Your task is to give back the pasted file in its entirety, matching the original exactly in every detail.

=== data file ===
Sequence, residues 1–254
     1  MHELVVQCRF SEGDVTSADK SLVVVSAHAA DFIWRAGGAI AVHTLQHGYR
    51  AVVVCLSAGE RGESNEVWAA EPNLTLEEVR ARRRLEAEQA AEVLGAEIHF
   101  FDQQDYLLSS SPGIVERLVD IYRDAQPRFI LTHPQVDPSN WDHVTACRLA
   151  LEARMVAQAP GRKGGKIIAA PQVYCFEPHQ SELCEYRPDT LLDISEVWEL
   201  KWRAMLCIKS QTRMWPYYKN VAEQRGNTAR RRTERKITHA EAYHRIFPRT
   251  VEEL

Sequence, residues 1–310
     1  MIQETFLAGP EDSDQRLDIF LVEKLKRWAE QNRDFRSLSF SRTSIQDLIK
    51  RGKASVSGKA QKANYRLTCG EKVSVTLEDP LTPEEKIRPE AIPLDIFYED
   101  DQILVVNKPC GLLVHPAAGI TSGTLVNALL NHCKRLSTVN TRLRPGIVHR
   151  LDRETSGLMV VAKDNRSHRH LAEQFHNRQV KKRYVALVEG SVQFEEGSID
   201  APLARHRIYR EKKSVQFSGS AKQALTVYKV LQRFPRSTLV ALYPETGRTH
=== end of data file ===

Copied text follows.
Sequence, residues 1–254
     1  MHELVVQCRF SEGDVTSADK SLVVVSAHAA DFIWRAGGAI AVHTLQHGYR
    51  AVVVCLSAGE RGESNEVWAA EPNLTLEEVR ARRRLEAEQA AEVLGAEIHF
   101  FDQQDYLLSS SPGIVERLVD IYRDAQPRFI LTHPQVDPSN WDHVTACRLA
   151  LEARMVAQAP GRKGGKIIAA PQVYCFEPHQ SELCEYRPDT LLDISEVWEL
   201  KWRAMLCIKS QTRMWPYYKN VAEQRGNTAR RRTERKITHA EAYHRIFPRT
   251  VEEL

Sequence, residues 1–310
     1  MIQETFLAGP EDSDQRLDIF LVEKLKRWAE QNRDFRSLSF SRTSIQDLIK
    51  RGKASVSGKA QKANYRLTCG EKVSVTLEDP LTPEEKIRPE AIPLDIFYED
   101  DQILVVNKPC GLLVHPAAGI TSGTLVNALL NHCKRLSTVN TRLRPGIVHR
   151  LDRETSGLMV VAKDNRSHRH LAEQFHNRQV KKRYVALVEG SVQFEEGSID
   201  APLARHRIYR EKKSVQFSGS AKQALTVYKV LQRFPRSTLV ALYPETGRTH